Saturday, April 25, 2020

The Long Road

I cannot remember which trip it was. Perhaps it was just a quick trip from our home in California to Wisconsin and back. I know it was just Kim and me before kids.

We were traveling south through Wyoming and into Colorado and the Rocky Mountains. A beautiful trip. Purposefully, we didn’t take the interstate, but rather, a state highway. We were driving a fairly new car, a station wagon.

On our way down the mountain, our brakes began to heat up. We could smell them. Fearing that we’d lose them altogether, we would pull over every now and then to rest the car and the brakes in particular. We began to doubt the wisdom of not traveling the interstate. It took us longer to reach our destination, our home.

After a long trip, don’t you just want to “get home?” It’s always nice to visit, to be around friends and family. But after a time, especially traveling by car, you just want to get home, right?

As I said, the trip took us longer than expected. We were tired and looked for a way out, a shortcut that would lead us back to the interstate. None that was easy, and none that was readily available to us. So, we continued traveling onward, and stopping every so often to give the car, the brakes, and us a rest.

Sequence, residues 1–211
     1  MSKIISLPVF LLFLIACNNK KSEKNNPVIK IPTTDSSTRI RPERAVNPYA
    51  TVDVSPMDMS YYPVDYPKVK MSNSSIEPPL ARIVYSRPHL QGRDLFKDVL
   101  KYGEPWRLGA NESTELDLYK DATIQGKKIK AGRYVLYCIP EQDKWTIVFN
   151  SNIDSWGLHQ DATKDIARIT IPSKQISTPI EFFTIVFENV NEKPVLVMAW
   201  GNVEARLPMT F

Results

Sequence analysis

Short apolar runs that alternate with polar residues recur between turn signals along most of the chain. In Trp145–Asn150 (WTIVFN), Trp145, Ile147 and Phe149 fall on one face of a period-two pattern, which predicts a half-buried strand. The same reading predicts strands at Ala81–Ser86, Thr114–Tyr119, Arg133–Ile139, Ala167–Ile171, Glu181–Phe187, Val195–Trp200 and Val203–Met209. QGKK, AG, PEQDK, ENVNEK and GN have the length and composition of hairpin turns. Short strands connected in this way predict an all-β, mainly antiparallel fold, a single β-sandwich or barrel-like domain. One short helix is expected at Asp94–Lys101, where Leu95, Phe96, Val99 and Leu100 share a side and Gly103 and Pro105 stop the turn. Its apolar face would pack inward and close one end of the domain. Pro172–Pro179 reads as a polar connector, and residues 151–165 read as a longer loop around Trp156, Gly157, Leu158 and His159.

The smell of brakes. The sound of metal on metal (or so it seemed). We needed to, once again, pull over and rest. And we did.

It was an overlook to a valley below. Sun-splashed. Rolling hills. The green and beige of the valley. A wheat field, I think, mixed in with the greenery of grass and trees. Breathtaking is overused, but not in this case. Kim and I stood there and took it all in. The brakes, the car, the long journey, forgotten. My words and description can’t come close to what we saw and experienced.

We relaxed. I know we smiled. I picture that scene as I write this and I find myself smiling.

The thing is, had we not taken that long way home, and had we not stopped to rest, we would have missed it. Just like it wasn’t there. The interstate was nowhere near where we were. It was happenstance that we had to rest the brakes and the car, and the fortune of stopping where and when we did.

In this world, we are encouraged to take the fast, simplest, and most direct way from point A to point B. The fast, quick way is marketed at us constantly. You have a headache? Take two of these and it’s gone.

Even the shows we watch have a resolve at the end. Kim and I watch NCIS- one of our favorite shows. In one hour, Gibbs and team catch the bad guy, and in between are four or five commercial breaks to push the good life. You want pizza? Order this and get it fast and hot. Want this car? Zero percent financing (unless your credit sucks) and you can get your car delivered to you with one phone call.